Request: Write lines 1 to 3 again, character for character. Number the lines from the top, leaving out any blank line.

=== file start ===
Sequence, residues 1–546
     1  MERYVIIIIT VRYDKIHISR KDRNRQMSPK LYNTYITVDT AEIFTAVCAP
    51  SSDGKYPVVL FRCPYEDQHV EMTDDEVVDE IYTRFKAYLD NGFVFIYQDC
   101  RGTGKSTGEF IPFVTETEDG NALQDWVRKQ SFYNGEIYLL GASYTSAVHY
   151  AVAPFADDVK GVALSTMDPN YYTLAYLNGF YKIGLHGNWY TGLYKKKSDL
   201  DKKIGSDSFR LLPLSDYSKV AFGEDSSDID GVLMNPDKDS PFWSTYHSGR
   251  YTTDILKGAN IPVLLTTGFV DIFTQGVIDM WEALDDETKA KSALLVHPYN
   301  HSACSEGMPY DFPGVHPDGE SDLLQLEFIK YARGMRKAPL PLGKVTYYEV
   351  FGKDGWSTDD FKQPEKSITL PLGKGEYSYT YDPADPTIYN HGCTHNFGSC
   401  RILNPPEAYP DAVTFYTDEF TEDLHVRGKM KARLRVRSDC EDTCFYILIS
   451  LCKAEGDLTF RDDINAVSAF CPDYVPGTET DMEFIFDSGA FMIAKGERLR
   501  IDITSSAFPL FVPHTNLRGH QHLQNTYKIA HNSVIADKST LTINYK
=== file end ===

Sequence, residues 1–546
     1  MERYVIIIIT VRYDKIHISR KDRNRQMSPK LYNTYITVDT AEIFTAVCAP
    51  SSDGKYPVVL FRCPYEDQHV EMTDDEVVDE IYTRFKAYLD NGFVFIYQDC